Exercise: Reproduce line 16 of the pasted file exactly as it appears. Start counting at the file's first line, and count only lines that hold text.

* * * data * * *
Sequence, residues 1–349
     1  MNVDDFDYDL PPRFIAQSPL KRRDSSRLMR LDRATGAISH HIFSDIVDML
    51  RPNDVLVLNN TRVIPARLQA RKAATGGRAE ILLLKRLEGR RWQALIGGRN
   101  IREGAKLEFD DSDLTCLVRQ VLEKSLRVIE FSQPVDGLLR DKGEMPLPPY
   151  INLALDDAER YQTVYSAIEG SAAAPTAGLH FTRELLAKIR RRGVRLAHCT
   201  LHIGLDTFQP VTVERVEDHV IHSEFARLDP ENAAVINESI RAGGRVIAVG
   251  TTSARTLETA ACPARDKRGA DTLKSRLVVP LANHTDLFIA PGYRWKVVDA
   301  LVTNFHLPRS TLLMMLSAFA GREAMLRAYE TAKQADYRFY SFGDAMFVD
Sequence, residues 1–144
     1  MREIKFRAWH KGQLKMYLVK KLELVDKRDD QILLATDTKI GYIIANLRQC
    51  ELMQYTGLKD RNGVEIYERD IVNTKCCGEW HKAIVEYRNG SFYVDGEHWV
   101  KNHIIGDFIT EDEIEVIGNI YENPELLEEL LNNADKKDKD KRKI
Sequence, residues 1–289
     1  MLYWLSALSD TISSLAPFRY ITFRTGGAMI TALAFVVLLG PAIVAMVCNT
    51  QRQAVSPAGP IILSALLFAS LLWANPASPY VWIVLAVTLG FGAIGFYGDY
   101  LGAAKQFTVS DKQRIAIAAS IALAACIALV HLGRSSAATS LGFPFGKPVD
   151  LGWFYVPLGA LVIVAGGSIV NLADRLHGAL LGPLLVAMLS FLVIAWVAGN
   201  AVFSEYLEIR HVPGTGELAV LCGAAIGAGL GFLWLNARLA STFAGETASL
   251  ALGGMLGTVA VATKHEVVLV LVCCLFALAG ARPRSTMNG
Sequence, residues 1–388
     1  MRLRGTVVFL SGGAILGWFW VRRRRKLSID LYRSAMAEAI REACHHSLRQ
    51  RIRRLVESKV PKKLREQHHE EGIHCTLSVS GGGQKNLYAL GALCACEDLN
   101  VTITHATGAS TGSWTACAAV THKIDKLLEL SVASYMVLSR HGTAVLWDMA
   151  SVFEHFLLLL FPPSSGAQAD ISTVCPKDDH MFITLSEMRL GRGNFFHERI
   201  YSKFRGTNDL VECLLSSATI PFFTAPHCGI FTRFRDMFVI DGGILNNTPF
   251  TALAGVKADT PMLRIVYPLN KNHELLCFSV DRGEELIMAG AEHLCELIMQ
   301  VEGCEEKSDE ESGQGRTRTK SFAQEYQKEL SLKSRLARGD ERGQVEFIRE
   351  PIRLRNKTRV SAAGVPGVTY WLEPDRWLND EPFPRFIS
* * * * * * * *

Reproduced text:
   101  LGAAKQFTVS DKQRIAIAAS IALAACIALV HLGRSSAATS LGFPFGKPVD